Resurgence Asset Management, LLC, Plaintiff–Respondent, Resurgence GP III, LLC, et al., Plaintiffs, v. Steve Gidumal, Defendant–Appellant.
Order, Supreme Court, New York County (James E. d'Auguste, J.), entered November 7, 2018, which, to the extent appealed from as limited by the briefs, inter alia, granted plaintiff Resurgence Asset Management, LLC's (RAM) cross motion for partial summary judgment on liability on the claim for breach of contract, unanimously affirmed, without costs.
Defendant, Steve Gidumal, served as a Managing Director and Co–Chief Investment Officer for RAM, a private equity firm founded and owned by plaintiff M.D. Sass Investors Services, Inc. During his tenure, Gidumal managed, inter alia, an investment fund titled M.D. Sass Corporate Resurgence Holdings III, LLC (Holdings), a wholly-owned subsidiary of a fund known as “Fund III” consisting of 13 investors. The Limited Partnership Agreement that created Holdings contained a “clawback provision” that allowed the Limited Partners to receive any overpayments in incentive fees from the General Partner, Resurgence GP III LLC, in the event that they lost money.
On September 28, 2008, Gidumal entered into a Termination Agreement, effective July 31, 2008, with RAM and its affiliates (the Companies) due to differences in the parties' investment strategies. The Termination Agreement provided that the Companies would continue to pay Gidumal 20.588% of profits from August 1, 2008 through July 31, 2009, and 10.294% for the following year.
The Termination Agreement specifically stated that defendant's compensation payment was subject to clawback obligations. By letter dated January 31, 2011, the Companies informed Gidumal that the preliminary estimate of his pro rata share of his clawback obligations for Fund III would be $428,072. The breach of contract claim is premised upon Gidumal's failure to pay his share of the clawback obligation.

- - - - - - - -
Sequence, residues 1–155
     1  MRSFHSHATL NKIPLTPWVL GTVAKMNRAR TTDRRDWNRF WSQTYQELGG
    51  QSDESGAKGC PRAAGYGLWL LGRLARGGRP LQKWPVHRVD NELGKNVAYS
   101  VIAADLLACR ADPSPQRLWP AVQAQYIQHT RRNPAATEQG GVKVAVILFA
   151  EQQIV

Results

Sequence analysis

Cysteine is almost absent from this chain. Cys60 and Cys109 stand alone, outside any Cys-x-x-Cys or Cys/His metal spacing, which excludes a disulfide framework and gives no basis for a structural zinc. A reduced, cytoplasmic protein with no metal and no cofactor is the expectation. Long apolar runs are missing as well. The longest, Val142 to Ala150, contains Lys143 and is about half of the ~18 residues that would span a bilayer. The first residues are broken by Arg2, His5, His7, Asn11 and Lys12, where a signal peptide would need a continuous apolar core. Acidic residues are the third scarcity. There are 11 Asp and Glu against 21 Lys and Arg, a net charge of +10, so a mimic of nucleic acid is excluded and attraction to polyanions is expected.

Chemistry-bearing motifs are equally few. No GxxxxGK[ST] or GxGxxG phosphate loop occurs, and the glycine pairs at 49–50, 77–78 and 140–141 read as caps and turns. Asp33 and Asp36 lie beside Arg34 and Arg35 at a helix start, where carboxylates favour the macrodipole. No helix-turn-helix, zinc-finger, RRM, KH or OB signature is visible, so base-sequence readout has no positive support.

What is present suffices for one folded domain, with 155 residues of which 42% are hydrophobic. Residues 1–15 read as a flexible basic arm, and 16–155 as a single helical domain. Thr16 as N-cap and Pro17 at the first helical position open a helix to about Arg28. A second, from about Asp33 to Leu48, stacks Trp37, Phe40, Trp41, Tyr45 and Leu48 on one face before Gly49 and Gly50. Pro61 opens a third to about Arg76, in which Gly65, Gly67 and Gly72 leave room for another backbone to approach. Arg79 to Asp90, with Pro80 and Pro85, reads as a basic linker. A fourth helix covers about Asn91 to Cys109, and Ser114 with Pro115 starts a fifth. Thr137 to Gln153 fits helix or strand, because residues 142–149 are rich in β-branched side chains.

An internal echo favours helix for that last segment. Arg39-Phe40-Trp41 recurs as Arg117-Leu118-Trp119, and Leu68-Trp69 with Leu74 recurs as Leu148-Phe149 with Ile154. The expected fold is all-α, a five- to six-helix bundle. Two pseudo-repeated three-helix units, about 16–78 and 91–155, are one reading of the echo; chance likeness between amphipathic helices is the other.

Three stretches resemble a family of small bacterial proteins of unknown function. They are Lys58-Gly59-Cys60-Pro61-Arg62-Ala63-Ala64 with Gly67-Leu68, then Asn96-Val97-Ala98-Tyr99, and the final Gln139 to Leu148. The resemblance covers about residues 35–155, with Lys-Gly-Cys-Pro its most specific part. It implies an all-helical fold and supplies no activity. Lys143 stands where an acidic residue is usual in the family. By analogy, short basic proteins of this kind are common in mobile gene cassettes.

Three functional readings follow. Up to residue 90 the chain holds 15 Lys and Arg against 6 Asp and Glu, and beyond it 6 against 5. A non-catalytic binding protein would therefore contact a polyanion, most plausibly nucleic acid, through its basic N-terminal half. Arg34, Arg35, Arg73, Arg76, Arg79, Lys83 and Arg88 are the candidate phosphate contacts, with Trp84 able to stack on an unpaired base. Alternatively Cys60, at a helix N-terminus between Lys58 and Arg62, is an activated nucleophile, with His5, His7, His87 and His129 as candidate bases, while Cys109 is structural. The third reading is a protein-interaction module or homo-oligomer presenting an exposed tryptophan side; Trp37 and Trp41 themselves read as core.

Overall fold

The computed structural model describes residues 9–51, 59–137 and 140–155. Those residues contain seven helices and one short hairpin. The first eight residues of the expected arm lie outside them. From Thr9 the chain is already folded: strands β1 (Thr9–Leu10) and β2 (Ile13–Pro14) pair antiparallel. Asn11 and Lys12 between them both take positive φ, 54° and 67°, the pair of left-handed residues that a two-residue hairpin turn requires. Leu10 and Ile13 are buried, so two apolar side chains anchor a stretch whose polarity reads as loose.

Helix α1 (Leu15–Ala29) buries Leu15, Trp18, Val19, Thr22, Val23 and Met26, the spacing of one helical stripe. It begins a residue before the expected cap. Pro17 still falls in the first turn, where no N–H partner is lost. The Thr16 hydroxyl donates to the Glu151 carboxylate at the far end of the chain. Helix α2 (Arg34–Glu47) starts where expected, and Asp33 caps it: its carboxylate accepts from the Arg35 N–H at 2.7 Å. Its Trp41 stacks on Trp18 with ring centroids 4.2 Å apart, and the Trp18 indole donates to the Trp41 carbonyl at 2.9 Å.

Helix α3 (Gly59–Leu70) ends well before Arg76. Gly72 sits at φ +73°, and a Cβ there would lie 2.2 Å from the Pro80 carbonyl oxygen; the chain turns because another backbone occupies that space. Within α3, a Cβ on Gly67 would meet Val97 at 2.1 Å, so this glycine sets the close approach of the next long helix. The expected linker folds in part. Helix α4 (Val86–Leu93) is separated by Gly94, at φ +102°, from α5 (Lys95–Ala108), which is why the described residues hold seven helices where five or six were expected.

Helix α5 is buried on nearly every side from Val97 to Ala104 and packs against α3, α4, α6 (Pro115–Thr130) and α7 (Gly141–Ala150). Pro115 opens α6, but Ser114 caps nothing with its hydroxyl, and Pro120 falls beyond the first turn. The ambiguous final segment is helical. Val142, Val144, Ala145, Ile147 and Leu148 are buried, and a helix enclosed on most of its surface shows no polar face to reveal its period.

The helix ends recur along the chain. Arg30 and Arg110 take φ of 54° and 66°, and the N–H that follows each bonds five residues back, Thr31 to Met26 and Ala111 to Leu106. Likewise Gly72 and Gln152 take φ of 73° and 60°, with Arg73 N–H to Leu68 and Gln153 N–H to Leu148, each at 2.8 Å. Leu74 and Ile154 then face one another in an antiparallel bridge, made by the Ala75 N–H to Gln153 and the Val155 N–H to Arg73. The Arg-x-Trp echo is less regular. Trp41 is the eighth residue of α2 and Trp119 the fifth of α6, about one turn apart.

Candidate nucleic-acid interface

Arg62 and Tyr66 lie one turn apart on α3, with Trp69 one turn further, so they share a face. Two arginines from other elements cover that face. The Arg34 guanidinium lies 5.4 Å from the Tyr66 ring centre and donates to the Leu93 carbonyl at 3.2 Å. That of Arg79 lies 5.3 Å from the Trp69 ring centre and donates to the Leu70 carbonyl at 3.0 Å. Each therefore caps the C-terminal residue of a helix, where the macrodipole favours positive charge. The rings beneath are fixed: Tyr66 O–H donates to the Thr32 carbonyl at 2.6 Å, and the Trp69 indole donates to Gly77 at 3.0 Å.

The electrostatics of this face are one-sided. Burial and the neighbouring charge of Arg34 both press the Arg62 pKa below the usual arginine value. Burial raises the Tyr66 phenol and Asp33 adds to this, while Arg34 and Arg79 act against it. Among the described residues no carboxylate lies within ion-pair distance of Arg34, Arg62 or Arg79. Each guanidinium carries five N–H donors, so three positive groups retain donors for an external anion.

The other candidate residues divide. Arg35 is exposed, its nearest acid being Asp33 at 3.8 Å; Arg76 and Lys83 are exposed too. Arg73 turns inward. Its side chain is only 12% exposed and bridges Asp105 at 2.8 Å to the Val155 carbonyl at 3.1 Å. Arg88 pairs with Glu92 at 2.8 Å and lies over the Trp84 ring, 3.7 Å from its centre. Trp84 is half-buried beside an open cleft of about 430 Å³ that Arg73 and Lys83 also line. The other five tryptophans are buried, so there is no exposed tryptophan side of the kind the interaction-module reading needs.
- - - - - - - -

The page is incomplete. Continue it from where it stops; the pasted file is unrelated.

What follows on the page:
Plaintiffs established prima facie entitlement to summary judgment. Plaintiffs submitted evidence sufficient to show that Gidumal's compensation payment under the terms of the Termination Agreement was subject to a clawback, that plaintiffs performed their obligation under the contract by paying Gidumal the agreed upon compensation and that Gidumal breached the contract by failing to pay his clawback obligation. The terms of the Termination Agreement unambiguously state that Gidumal's pro rata share of any clawback obligation was determined by dividing the profits he received from the fund, through incentive fees or other allocations, by the aggregate profits received by all persons who were subject to the clawback obligation for that fund. This formula does not base the pro rata share of clawback obligations on the investor, and Gidumal's understanding to the contrary cannot alter these clear terms or create a material question of fact (see Wells v Shearson Lehman/American Express, 72 N.Y.2d 11, 24  ).
Moreover, RAM's breach of a representation in the Termination Agreement, that it would not pay Gidumal's Co–Chief Investment Officer, Byron Haney, an amount greater than the $838,662 compensation payment it made to Gidumal does not preclude summary judgment or discharge Gidumal's duty to perform. RAM, in effect, paid Gidumal a total of $1.07 million under the terms of the Termination Agreement, but split the total payment into two payments. This amount is commensurate with what Haney was ultimately paid.
Gidumal's counterclaim for breach of contract against RAM does not preclude or undermine RAM's claim for breach of contract, as the counterclaim was not “inextricably interwoven with and inseparable from the issues raised in [RAM's] complaint” (cf Marion Scott Real Estate v Riverbay Corporation, 173 AD3d 588 (1st Dept 2019); Boston Concessions Group v Criterion Ctr. Corp., 200 A.D.2d 543, 544 [1st Dept 1994] ).
We have considered Gidumal's remaining arguments and find them unavailing.